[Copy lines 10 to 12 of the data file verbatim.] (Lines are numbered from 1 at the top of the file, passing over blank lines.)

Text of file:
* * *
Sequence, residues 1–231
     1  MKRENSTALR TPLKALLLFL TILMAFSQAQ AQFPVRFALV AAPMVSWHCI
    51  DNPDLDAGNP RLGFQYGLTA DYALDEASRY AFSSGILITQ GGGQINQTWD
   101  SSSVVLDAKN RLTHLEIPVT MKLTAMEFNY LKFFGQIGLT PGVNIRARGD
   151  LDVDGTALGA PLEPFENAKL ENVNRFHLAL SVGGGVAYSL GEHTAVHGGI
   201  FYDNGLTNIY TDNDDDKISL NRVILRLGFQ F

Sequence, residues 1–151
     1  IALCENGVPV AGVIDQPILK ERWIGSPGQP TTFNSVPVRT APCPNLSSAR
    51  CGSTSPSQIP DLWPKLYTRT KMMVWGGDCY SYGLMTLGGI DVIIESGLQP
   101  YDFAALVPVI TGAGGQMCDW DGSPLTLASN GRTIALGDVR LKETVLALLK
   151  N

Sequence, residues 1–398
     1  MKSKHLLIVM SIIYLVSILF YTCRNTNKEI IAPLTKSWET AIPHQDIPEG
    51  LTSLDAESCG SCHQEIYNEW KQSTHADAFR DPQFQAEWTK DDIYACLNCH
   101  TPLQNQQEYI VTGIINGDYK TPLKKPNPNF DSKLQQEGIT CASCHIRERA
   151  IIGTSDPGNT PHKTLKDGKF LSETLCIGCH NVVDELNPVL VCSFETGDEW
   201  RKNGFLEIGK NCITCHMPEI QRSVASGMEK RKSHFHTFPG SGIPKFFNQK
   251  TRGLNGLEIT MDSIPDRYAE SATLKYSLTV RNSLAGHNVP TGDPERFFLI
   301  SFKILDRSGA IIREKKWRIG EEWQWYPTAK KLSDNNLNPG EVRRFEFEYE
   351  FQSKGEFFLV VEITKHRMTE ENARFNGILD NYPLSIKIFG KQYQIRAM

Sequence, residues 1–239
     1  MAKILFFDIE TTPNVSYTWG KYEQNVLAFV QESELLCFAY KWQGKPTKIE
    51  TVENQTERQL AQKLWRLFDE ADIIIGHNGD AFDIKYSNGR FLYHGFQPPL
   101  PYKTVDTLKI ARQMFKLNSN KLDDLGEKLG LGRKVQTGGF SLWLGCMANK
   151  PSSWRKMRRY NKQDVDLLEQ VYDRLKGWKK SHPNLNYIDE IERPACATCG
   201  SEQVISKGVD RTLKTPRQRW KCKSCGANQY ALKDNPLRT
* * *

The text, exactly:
   101  YDFAALVPVI TGAGGQMCDW DGSPLTLASN GRTIALGDVR LKETVLALLK
   151  N

Sequence, residues 1–398